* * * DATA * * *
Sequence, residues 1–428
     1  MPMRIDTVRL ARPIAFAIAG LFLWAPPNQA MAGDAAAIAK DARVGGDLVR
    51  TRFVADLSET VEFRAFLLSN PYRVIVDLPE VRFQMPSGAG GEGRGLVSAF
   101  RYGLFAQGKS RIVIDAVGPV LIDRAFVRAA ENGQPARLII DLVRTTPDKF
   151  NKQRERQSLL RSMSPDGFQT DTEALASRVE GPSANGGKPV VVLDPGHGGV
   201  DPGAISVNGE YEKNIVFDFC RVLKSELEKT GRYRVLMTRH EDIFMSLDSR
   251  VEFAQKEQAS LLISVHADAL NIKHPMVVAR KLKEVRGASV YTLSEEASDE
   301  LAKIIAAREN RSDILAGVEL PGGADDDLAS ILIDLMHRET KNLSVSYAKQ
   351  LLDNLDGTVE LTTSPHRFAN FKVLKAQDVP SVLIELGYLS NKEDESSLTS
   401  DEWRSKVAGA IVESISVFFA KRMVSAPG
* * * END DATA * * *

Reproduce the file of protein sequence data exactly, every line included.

Sequence, residues 1–428
     1  MPMRIDTVRL ARPIAFAIAG LFLWAPPNQA MAGDAAAIAK DARVGGDLVR
    51  TRFVADLSET VEFRAFLLSN PYRVIVDLPE VRFQMPSGAG GEGRGLVSAF
   101  RYGLFAQGKS RIVIDAVGPV LIDRAFVRAA ENGQPARLII DLVRTTPDKF
   151  NKQRERQSLL RSMSPDGFQT DTEALASRVE GPSANGGKPV VVLDPGHGGV
   201  DPGAISVNGE YEKNIVFDFC RVLKSELEKT GRYRVLMTRH EDIFMSLDSR
   251  VEFAQKEQAS LLISVHADAL NIKHPMVVAR KLKEVRGASV YTLSEEASDE
   301  LAKIIAAREN RSDILAGVEL PGGADDDLAS ILIDLMHRET KNLSVSYAKQ
   351  LLDNLDGTVE LTTSPHRFAN FKVLKAQDVP SVLIELGYLS NKEDESSLTS
   401  DEWRSKVAGA IVESISVFFA KRMVSAPG